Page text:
Where does Money to Everytown for Gun Safety Action Fund, Inc. Go?
Everytown is a movement of Americans working together to end gun violence and build safer communities. Gun violence touches every town in America. For too long, change has been thwarted by the Washington gun lobby and by leaders who refuse to take common-sense steps that will save lives.
But something is changing. More than 3 million mayors, moms, cops, teachers, survivors, gun owners, and everyday Americans have come together to make their own communities safer. Together, we are fighting for the changes that we know will save lives.
Everytown for Guns Safety Action Fund, Inc. (Everytown) was formed in 2014 when two non-profits – Mayors Against Illegal Guns and Moms Demand Action for Gun Sense in America – combined to form one united non-profit to work together to reduce gun violence. How do they do this? By advocating for universal background checks on firearms purchases – including those at gun shows and over the internet, by supporting laws to keep guns out of the hands of domestic abusers, supporting gun safety technology, and supporting legislation for stronger penalties for gun trafficking.
Everytown was established as a 501 (c)(4) which differs from a 501 (c)(3) in four ways: they can engage in unlimited lobbying as long as the lobbying pertains to their mission, they can engage in political activity, they can endorse or oppose political candidates, and they can donate money and/or time to political organizations. Contributions made to a 501 (c)(4) are not tax-deductible which means Everytown relies primarily on other sources for income: contributions, gifts, and grants.
The NRA – also a 501 (c) (4) and its four affiliate organizations (501 (c) (3)’s and a PAC) raise more than $400 million annually whereas Everytown and its affiliate organization – Everytown for Gun Safety Support Fund, Inc., a 501 (c) (3) – raise about $45 million annually and yet Everytown is the NRA’s strongest adversary. Both are 501 (c) (4)’s. Although the two groups share a respect for the Second Amendment, their differences lie in the interpretation of the Second Amendment in the 21st century and the impracticality of allowing potentially dangerous people to purchase guns, assault weapons, rifles, and high-capacity magazines.
When the Second Amendment was passed as a part of the Bill of Rights in 1791, the US had a population of about 4 million compared to an estimated 320 million today. The amendment was a sign of the times when the US had just 14 states and had recently established its independence from the United Kingdom. Determined to stay independent, the writers of the Constitution recognized the need to have the militia (which were the people back then) armed. But what made sense in 1791 does not make sense in 2017. So, Everytown focuses on educating policy makers, the public, and the media about gun violence and promoting efforts to keep guns out of the hands of dangerous individuals. They are a labor intensive organization focused on the legislative and political aspects of gun control, just as the NRA is.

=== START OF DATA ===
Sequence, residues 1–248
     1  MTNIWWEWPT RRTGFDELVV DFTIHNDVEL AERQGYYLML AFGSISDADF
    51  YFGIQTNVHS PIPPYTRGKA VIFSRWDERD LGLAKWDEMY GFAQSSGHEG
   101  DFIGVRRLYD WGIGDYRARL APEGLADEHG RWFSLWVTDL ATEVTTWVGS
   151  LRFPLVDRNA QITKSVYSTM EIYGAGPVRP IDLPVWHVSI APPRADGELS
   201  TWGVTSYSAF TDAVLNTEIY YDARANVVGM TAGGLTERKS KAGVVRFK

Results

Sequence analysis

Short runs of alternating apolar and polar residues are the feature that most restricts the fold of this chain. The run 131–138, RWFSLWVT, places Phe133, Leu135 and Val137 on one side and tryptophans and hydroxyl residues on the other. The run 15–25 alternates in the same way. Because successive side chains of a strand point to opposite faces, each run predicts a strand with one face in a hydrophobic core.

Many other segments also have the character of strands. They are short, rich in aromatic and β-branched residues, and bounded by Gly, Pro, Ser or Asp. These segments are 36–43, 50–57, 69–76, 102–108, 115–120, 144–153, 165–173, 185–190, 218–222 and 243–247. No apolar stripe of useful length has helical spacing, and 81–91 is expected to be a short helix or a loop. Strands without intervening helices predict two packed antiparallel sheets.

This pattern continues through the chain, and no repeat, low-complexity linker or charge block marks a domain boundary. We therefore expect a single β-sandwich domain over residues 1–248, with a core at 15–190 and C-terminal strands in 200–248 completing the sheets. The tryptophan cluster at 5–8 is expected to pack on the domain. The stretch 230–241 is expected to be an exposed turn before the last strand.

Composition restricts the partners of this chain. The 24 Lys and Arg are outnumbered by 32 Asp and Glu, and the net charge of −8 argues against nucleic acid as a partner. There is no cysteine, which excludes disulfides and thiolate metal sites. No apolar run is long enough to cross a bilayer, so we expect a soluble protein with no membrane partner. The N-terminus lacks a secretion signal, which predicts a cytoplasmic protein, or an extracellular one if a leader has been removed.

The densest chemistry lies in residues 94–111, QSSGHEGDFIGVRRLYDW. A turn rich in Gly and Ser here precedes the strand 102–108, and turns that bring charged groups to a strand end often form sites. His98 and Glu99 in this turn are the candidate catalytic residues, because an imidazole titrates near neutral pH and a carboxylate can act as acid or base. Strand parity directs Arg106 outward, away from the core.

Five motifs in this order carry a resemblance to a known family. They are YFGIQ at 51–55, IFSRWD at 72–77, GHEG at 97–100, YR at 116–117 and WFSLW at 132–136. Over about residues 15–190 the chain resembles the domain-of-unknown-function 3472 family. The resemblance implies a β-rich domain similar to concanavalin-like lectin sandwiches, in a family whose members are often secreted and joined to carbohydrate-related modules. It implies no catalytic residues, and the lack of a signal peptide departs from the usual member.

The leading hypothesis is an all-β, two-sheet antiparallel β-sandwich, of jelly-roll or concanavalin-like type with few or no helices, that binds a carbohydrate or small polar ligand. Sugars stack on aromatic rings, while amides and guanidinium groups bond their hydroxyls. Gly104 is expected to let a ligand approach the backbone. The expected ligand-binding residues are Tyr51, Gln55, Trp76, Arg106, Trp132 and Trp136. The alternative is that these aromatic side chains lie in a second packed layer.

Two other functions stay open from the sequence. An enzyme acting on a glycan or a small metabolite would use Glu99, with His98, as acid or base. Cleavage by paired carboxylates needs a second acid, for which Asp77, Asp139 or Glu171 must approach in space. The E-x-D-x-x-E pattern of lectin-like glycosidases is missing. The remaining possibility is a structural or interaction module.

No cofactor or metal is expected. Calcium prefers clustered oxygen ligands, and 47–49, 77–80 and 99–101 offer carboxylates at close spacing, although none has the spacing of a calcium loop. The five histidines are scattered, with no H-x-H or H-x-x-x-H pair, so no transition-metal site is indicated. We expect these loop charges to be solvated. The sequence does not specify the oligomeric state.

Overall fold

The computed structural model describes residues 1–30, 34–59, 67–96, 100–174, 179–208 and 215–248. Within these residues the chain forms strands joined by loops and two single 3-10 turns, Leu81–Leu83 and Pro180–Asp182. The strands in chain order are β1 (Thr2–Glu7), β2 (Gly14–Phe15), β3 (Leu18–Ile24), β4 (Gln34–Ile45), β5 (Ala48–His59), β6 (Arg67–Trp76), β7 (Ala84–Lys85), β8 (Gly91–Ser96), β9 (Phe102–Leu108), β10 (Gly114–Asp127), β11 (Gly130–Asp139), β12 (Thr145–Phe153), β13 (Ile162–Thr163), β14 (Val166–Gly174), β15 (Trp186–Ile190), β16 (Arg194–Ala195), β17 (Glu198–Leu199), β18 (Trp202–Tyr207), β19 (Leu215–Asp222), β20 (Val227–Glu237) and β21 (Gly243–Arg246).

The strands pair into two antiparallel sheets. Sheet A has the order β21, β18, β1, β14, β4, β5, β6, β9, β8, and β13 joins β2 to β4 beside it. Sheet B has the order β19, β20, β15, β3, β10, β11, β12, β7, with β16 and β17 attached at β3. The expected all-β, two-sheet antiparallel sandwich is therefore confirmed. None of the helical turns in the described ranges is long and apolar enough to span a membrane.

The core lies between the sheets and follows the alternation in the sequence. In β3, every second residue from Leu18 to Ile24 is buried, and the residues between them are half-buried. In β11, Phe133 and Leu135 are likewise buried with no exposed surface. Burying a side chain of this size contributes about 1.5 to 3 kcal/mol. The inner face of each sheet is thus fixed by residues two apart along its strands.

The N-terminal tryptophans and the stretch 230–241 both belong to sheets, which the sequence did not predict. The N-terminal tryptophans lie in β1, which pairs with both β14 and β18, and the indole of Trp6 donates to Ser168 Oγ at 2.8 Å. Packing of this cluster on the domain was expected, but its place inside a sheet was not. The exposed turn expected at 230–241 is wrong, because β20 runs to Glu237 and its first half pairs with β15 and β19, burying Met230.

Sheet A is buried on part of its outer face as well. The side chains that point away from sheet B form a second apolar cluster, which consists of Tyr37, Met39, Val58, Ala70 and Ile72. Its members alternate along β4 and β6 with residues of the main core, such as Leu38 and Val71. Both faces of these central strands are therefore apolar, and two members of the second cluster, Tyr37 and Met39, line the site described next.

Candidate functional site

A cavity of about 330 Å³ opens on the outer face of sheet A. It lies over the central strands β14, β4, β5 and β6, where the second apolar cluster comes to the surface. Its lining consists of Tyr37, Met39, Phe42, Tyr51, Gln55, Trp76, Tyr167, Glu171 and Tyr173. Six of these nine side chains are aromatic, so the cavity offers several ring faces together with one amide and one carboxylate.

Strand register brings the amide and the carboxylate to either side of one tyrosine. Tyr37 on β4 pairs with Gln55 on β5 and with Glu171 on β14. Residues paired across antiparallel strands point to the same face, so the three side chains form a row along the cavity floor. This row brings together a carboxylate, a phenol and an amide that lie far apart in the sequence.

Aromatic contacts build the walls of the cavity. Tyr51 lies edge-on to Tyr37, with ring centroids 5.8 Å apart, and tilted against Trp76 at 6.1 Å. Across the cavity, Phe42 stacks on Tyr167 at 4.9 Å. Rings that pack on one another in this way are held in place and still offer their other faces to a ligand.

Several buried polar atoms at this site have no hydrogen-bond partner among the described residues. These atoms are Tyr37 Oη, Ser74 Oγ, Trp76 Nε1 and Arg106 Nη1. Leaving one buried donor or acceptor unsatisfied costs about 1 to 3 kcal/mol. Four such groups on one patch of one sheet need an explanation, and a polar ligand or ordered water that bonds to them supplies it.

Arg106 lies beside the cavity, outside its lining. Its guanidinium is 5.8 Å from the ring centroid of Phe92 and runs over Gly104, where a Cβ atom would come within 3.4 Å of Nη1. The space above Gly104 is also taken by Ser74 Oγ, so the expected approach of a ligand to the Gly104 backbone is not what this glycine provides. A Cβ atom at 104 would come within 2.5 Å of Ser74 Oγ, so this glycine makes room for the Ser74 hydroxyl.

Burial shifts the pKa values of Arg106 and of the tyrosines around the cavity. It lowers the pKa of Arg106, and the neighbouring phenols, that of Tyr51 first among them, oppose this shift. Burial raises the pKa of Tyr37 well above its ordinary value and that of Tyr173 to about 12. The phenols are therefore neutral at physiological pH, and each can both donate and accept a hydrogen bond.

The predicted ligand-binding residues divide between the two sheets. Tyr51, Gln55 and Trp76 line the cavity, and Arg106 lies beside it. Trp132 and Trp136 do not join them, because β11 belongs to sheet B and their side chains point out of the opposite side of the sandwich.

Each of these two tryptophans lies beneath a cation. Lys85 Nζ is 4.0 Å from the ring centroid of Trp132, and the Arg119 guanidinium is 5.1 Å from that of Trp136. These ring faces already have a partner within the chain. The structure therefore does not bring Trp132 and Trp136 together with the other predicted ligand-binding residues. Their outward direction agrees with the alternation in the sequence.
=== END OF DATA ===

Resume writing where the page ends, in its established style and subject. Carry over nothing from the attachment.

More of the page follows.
Based in New York City, Everytown reported having 130 employees and more than 1 million volunteers in 2014. There are two voting members of the governing board and seven executives listed:
- $316,999: Megan Lewis, Executive Vice President
- $179,270: Mark Glaze, Outgoing Executive Director
- $261,726: Brina Milikowsky, Chief Strategic Initiatives
- $252,746: John McCarthy, Special Advisor
- $190,038: Erika Soto Lamb, Chief of Communications
- $213,194: Christopher Kocher, Director, Survivor Network
- $196,186: Elizabeth Avore, Legal Director
There is no first class or charter travel or travel for companions; nor are there paid memberships to health or social clubs.
REVENUE AND EXPENSE SUMMARY
In 2014, the organization raised $40.8 million which primarily came from contributions, gifts, and grants. Expenses totaled $37.1 million (not including depreciation) and can be looked at two ways: by activity meaning program, fundraising, and management or by the type of expense. Both views are helpful in understanding how Everytown operates.
$32.6 million (80% of revenue) was spent on program costs while $4.2 million (10% of revenue) was spent on management expenses and nearly $300 thousand (1% of revenue) on fundraising. The remaining funds – $3.7 million – went to the net fund balance which had $5.6 million at year-end.
The $37.1 million in expenses fall into eight general categories:
- Compensation and Benefits: $7.2 million (18% of revenue) which equates to about $55,384 per employee (based on a count of 130).
- Political and Elections (including polling, ballot initiative, e-mail): $8.4 million (20% of revenue)
- Services (legal, accounting, lobbying, fundraising): $5.6 million (14% of revenue)
- Office: $1.7 million (4% of revenue)
- Advertising: $3.6 million (9% of revenue)
- Travel: $2 million (5% of revenue)
- Grants: $2.9 million (7% of revenue)
- Other (described as program services): $5.6 million (14% of revenue)
In summation, Everytown advocates for common-sense laws that will help keep guns out of the hands of dangerous individuals, the organization is primarily engaged in political activities that shape the laws governing gun control. Hence, expenses are primarily allocated to people working with the political aspects of gun control including elections, ballots, initiatives, advertising, and grants.
To read more about Everytown, go to the organization’s website: www.everytown.org.
To read the IRS Form 990 (2014), click here.